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July 2016 BOOKLIST
Find more Top 10 Food Books
It seems as if foodies are everywhere these days. And that is definitely a good thing. Everyone eats, and if we can elevate the quality of ingredients and experience, more power to all of us. However, many people, not simply avowed foodies, will appreciate these 10 outstanding food-related books, which Booklist has reviewed over the past 12 months. —Brad Hooper
As Always, Julia: The Letters of Julia Child & Avis DeVoto; Food, Friendship, & the Making of a Masterpiece. Ed. by Joan Reardon. Houghton, $26 (9780547417714).
Julia Child’s extensive letter writing to “pen pal” Avis DeVoto began when DeVoto replied to a fan letter Child had sent to her husband, Bernard. This volume marks the first appearance of their complete correspondence; in an early note, DeVoto calls Child’s evolving manuscript “as exciting as a novel to read,” and, indeed, so are their conversations.
Cooking with Italian Grandmothers: Recipes and Stories from Tuscany to Sicily. By Jessica Theroux. Welcome, $40 (9781599620893).
Grandmothers across Italy invited Theroux into their kitchens, allowing her to record a smart selection of unique and utterly appealing dishes that will leave readers of all ethnicities yearning for an Italian grandmother in the family lineage.
Homemade Soda. By Andrew Schloss. Storey, paper, $18.95 (9781603427968).
Making sodas at home may be uncharted territory for even the most serious foodies. Schloss’ exhaustive menu of recipes and tips, however, shows just how approachable it can be.
Ideas in Food: Recipes and Why They Work. By Aki Kamozawa and H. Alexander Talbot. Clarkson Potter, $25 (9780307717405).
Say “molecular gastronomy,” and chances are that people will think of either Bravo’s Top Chef or Spanish restaurateur Ferran Adria, chef of elBulli. Now, six years after Harold McGee’s groundbreaking scientific investigation, On Food and Cooking, comes a consumer-friendly and recipe-packed series of essays by a wife-and-husband team.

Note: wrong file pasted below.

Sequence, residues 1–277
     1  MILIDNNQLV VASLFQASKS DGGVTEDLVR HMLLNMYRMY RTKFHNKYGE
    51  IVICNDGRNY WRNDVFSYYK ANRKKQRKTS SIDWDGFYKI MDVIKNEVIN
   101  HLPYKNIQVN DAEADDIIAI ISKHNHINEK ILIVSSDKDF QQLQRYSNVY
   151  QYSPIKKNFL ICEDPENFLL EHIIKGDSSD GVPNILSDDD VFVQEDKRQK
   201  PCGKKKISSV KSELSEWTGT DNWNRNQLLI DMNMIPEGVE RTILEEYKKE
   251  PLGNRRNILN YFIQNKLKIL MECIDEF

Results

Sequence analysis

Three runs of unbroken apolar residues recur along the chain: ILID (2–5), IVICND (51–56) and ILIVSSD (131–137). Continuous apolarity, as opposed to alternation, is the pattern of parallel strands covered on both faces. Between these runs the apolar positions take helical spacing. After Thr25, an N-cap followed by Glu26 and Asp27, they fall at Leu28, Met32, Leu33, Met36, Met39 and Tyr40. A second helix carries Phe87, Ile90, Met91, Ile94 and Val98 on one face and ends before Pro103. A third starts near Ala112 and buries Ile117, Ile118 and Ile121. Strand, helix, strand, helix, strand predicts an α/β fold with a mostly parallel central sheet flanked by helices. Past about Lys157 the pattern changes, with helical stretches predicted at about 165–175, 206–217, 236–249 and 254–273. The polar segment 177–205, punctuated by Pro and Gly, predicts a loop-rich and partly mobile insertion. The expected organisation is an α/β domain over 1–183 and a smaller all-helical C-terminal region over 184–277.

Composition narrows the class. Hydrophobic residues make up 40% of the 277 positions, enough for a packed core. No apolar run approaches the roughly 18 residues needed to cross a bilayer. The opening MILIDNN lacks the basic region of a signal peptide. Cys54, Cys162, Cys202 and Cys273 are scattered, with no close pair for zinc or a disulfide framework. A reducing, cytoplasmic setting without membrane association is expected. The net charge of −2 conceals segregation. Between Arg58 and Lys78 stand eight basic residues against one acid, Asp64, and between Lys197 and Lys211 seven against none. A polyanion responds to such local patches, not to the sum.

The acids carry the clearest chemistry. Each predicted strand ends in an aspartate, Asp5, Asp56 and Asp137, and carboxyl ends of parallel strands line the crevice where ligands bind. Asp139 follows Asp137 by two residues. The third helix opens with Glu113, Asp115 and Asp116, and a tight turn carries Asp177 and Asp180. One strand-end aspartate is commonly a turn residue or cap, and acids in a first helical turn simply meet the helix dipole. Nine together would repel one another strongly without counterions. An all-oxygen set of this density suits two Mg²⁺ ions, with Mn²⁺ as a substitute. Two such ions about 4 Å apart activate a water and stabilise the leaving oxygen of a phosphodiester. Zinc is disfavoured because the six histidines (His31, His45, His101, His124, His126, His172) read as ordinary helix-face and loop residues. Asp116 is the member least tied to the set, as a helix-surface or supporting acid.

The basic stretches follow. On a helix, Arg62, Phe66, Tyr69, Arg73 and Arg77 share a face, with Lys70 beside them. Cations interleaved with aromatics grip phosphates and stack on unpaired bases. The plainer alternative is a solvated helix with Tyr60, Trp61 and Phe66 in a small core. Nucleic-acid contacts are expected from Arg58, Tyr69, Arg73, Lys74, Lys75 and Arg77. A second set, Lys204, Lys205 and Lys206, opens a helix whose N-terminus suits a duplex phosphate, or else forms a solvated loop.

The Joy of Cheesemaking: The Ultimate Guide to Understanding, Making, and Eating Fine Cheese. By Jody Farnham and Marc Druart. Skyhorse, paper, $14.95 (9781616080600).
In between the scientific lingo and the critical procedures of learning about the art of cheesemaking come some great color photographs, a few dozen recipes, and introductions to “rock star” cheesemakers around the country that include personal histories, a cheese-featured dish or two, and contact information.
Modernist Cuisine: The Art and Science of Cooking. By Nathan Myhrvoid and others. The Cooking Lab, $625 (9780982761007).
The brave new universe of molecular gastronomy is just one facet of today’s cooking revolution that has the food world reeling. This magisterial multivolume compendium rationalizes food science and technology for the new century.
One Big Table: A Portrait of American Cooking. By Molly O’Neill. Simon & Schuster, $50 (9780743232708).
This is One Big Book, filled to the brim with anecdotes, references, information, memorabilia, and 800 recipes that are truly representative of all U.S. cultures and ethnicities.
Quiches, Kugels, and Couscous: My Search for Jewish Cooking in France. By Joan Nathan. Knopf, $40 (9780307267597).
TV host and award-winning cookbook author Nathan shares her collection of 200 recipes and also narrates, factually and with no small sentiment, the history of Jews in France.
The Sorcerer’s Apprentices: A Season in the Kitchen at Ferran Adria’s elBulli. By Lisa Abend. Free Press, $26 (9781439175552).
The author recounts her stint as an intern working for free in Spain’s elBulli restaurant, until very recently generally considered the best in the world.
The Vertical Farm: Feeding Ourselves and the World in the 21st Century. By Dickson Despommier. St. Martin’s, $25.99 (9780312611392).
An award-winning professor of microbiology and public and environmental health sciences adds his voice to those calling for agricultural reform in a provocative introduction to a pragmatic approach to growing safe, nutritious food.
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